Telomeres vs DNA damage - battle of the aging theories

even though everyone has their favorite pet theory of aging, we need to remember that aging is multifactorial

This is a brief commentary on one of the recent NUS aging webinars "AgeX Therapeutics: Targeting Biological Ageing | Dr Michael D. West".

I have never been a fan of the telomere hypothesis/theory. Not saying it is wrong, but it did get hyped up a lot. This should not be very surprising since it is very appealing to laypeople (and thus potentially investors) and then there was the Nobel prize putting it into the spotlight. It is interesting that the speaker would mention DNA damage as a potentially weaker theory. In fact, both theories suffer from the same issues (1).

Neither theory has received a particularly strong backing from interventional mouse studies, contrary to assertions in the video.

In addition, we should not forget that many other types of evidence are relevant to assess the strength of a theory. The types of evidence that are used in biogerontology include:

  • comparative biology – long-lived species should display conserved mechanisms of aging
  • long-lived mouse mutants – if your trait is age-associated it should be changed in these mice
  • mouse intervention studies
  • observational studies in humans (longitudinal change with chronologic aging; change associated with health outcomes)
  • interventional studies in humans

Let us compare the two theories in light of these principles. Strength of the DNA damage theory:
1/ Conceptually cleaner and safer: linear (or at least monotonous) relationship between DNA damage and aging can be expected (6). Telomeres are a beast that has to be tamed through temporal or spatial expression of telomerase. Do not want to have it active in cancer cells.
2/ Better human data since we have overwhelming evidence that there are age-related diseases caused by DNA damage and longer telomeres, i.e. cancer. Apart from that, overall I would say both theories have decent support from observational studies in humans.
3/ has actual support from long-lived models like dwarf mice (Page 2009, Dominick 2017) (3)
4/ I feel that the comparative data for the DNA damage theory is stronger, although this could be my own bias due to more familiarity with the data. 

Strength of the telomere theory:
1/ better support from mouse intervention studies, but not by much (5). The best study I could find was de Jesus et al. 2012 (7). While the control mice in this study were healthy, the treatment group consisted of only 17 animals and the study as such was never repeated by any other lab. For comparison, the seminal work on rapamycin was performed on 150 controls and 300 animals in the intervention group and was by now replicated in perhaps a thousand animals in different labs across the globe. Sure, the NIA ITP is run by the best mouse aging labs in the world, but others can do it too. See for example Zhang et al. 2012 for absolutely stunning lifespan data in FGF21-transgenic mice with good median lifespans for the controls and 77 treated animals vs 67 controls. While FGF21 is being studied by conventional pharma companies I have not seen much hype in the aging field about this finding and no startup has yet formed to harness this potential – as far as I can tell.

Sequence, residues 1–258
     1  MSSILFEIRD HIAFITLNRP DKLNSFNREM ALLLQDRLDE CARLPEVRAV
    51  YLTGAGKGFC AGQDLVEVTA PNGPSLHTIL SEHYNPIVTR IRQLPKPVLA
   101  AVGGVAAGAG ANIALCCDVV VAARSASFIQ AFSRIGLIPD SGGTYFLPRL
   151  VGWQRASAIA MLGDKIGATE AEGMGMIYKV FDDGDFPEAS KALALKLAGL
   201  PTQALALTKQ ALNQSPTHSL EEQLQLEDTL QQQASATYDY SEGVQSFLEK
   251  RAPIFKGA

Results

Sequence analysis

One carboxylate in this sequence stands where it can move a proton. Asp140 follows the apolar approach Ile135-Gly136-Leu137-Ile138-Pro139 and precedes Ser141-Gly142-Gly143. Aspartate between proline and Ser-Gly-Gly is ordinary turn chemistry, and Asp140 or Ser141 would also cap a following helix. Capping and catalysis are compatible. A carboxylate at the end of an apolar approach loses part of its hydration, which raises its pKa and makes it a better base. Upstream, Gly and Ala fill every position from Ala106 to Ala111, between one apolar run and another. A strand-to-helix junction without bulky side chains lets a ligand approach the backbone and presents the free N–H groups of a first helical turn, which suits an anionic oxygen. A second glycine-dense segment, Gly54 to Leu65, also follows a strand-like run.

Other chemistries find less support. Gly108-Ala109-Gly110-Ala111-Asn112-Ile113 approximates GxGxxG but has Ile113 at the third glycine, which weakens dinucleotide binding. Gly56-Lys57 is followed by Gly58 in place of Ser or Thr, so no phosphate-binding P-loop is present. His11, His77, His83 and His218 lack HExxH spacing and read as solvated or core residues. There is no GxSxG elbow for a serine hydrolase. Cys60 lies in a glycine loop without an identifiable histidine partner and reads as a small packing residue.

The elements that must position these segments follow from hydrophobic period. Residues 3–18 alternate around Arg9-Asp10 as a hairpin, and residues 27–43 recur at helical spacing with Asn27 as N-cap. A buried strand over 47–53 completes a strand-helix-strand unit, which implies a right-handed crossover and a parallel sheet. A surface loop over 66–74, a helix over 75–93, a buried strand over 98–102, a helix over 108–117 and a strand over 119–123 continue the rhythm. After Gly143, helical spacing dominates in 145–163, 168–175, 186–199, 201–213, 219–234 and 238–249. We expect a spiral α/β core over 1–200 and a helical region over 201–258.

The DNA damage theory is hard to test specifically since we lack the tools to do so. If we included e.g. Nrf2 data as indirect evidence for the DNA damage theory the data would be roughly on par but still weak for both theories (2).

References and notes

epistemic status: quick draft, late to the party, half-baked

1/ Let us ignore the multistress resistance theory which seems like a better-supported superset of the DNA damage theory.

2/ weak is relative, I do not consider the DNA damage theory to be weak, just exceedingly hard to test. Also the Nrf2 experimental data is not particularly good, but substantially better than nothing I would say. We have nothing (in mice) that resembles direct evidence for the DNA damage theory. We do, however, have overwhelming evidence from progeroid models that DNA damage is important to aging. While I put less stock into these models than the average biogerontologist, it is a moot point in the context of this blog post. As far as I can tell, there are decent telomere attrition mouse models suggesting telomeres matter leading to a "draw". Although, again, I feel like the DNA damage progeroid models are a tad bit better.

3/ Page, Melissa M., et al. "Mechanisms of stress resistance in Snell dwarf mouse fibroblasts: enhanced antioxidant and DNA base excision repair capacity, but no differences in mitochondrial metabolism." Free Radical Biology and Medicine 46.8 (2009): 1109-1118.

Dominick, Graham, et al. "mTOR regulates the expression of DNA damage response enzymes in long‐lived Snell dwarf, GHRKO, and PAPPA‐KO mice." Aging Cell 16.1 (2017): 52-60.
Note: DSB repair seems to be the currently favored mechanism in comparative studies, so these dwarf studies are somewhat contradictory because they highlight different pathways.

4/ Zhang, Yuan, et al. "The starvation hormone, fibroblast growth factor-21, extends lifespan in mice." elife 1 (2012): e00065.

5/ To my great surprise the mouse data is actually much better than I remembered it, not that I was ever very familiar with the telomere field.

6/ Obviously "linear" is an over-simplification between hormesis and feedback mechanisms, which were also (likely) the death knell for antioxidant studies.

7/ Bernardes de Jesus, Bruno, et al. "Telomerase gene therapy in adult and old mice delays aging and increases longevity without increasing cancer." EMBO molecular medicine 4.8 (2012): 691-704.